Article
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The pelagic development stages of many marine invertebrate species dictates their spatial and temporal distribution once reaching their benthic second phase of life. This life cycle is associated with the Western Rock Lobster ( Panulirus cygnus ) along the coast of Western Australia. Over the past 50 years, the number of puerulus reaching the nears...
Preprint
Full-text available
Dynamics of ocean boundary currents and associated shelf processes can influence onshore/offshore transport of water, critically impacting marine organisms that release long-lived pelagic larvae into the water column. The western rock lobster, Panulirus cygnus, endemic to Western Australia, is the basis of Australia's most valuable wild-caught comm...
Article
Full-text available
Millions of tons of buoyant plastic materials enter oceans annually, the majority originating from terrestrial sources and transported to oceans where oceanographic processes disperse or accumulate them. Some of these materials beach while others accumulate in convergent zones in coastal seas and the open ocean. Although accumulations associated wi...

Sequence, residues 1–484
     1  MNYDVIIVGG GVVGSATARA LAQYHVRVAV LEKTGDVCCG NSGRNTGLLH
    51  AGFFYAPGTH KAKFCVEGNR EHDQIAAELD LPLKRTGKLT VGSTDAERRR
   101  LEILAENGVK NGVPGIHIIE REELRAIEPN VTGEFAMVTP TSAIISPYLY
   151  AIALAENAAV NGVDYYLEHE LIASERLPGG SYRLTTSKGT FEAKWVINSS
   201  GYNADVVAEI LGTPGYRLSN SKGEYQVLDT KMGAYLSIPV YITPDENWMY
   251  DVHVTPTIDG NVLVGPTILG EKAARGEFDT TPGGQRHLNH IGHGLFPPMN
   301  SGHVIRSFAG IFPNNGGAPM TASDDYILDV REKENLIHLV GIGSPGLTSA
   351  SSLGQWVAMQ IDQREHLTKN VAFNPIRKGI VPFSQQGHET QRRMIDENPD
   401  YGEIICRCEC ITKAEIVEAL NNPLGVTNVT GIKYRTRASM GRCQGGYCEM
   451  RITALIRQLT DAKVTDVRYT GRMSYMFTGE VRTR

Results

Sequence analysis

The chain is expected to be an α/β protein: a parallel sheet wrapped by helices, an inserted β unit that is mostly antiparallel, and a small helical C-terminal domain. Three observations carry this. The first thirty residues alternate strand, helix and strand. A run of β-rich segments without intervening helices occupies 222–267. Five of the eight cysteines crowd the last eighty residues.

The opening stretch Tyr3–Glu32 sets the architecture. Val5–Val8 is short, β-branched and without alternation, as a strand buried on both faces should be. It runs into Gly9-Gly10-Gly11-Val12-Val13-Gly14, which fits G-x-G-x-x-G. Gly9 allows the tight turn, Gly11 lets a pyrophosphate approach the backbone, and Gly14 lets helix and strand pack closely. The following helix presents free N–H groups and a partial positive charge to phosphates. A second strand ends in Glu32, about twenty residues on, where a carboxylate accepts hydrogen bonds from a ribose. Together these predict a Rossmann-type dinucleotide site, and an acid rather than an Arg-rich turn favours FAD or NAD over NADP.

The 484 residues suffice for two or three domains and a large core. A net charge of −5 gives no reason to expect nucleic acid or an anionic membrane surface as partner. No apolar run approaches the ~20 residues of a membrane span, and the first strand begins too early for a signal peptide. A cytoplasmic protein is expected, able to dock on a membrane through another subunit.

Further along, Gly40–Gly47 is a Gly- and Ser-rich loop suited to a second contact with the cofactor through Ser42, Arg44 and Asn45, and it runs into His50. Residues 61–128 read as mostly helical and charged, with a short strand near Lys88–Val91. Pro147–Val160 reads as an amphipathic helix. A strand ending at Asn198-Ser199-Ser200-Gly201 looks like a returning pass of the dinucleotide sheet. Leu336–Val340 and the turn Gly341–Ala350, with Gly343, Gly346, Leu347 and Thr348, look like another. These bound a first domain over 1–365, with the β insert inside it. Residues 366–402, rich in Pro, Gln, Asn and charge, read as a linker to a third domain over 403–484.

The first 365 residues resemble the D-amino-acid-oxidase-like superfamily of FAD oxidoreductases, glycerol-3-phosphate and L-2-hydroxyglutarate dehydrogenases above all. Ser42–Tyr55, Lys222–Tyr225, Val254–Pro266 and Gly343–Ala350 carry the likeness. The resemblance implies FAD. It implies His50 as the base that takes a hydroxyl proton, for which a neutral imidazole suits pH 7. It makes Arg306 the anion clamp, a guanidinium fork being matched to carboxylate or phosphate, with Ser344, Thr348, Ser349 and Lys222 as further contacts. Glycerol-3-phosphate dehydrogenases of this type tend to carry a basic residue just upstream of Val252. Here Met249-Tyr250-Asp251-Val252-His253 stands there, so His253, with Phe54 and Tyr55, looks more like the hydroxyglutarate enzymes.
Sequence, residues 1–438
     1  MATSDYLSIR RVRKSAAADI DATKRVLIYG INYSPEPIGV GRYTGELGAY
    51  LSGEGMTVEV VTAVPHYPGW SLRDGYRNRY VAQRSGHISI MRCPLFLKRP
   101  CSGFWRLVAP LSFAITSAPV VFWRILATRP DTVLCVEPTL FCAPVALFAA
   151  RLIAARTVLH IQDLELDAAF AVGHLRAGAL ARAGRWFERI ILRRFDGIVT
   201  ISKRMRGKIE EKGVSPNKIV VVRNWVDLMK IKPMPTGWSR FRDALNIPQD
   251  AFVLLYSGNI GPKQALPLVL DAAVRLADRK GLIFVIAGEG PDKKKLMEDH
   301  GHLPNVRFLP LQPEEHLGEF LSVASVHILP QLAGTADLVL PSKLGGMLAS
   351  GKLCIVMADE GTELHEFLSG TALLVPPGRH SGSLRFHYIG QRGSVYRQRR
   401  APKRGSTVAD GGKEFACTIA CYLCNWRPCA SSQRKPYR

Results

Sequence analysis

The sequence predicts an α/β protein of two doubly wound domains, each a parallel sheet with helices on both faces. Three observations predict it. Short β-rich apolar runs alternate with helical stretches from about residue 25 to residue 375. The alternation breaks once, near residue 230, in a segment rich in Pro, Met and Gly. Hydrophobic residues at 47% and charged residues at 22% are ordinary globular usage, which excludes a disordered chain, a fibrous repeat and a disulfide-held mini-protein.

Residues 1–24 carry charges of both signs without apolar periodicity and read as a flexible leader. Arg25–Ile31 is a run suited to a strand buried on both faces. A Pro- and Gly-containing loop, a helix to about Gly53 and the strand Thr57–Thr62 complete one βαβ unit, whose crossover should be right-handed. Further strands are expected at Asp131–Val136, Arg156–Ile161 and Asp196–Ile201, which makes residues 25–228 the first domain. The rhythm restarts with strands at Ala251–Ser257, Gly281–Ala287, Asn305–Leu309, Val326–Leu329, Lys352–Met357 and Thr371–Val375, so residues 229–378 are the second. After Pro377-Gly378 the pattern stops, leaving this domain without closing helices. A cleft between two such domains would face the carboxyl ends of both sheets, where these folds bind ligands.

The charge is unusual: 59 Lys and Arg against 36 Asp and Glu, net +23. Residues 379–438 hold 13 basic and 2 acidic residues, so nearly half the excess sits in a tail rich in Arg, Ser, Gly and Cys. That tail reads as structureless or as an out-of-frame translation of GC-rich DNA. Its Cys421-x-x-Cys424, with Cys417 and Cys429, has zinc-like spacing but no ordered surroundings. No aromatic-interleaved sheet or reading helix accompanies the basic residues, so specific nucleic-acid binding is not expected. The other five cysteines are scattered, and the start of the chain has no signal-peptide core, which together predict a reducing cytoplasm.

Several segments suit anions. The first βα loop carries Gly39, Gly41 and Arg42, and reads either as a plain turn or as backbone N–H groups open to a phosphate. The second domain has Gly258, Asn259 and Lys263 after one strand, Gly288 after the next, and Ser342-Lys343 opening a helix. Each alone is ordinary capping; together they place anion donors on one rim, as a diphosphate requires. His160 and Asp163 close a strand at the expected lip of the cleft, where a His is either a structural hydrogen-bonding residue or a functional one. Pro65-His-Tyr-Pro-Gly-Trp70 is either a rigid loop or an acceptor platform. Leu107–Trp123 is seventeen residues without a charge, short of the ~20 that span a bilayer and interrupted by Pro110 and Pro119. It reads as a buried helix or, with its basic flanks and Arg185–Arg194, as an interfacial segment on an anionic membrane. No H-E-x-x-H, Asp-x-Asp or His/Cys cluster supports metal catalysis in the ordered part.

Article
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Natural formations of rock and coral can support geologically controlled beaches, where the beach dynamics are significantly influenced by these structures. However, little is known about how alongshore variations in geological controls influence beach morphodynamics. Therefore, in this study we focus on the storm response of a beach (Yanchep in so...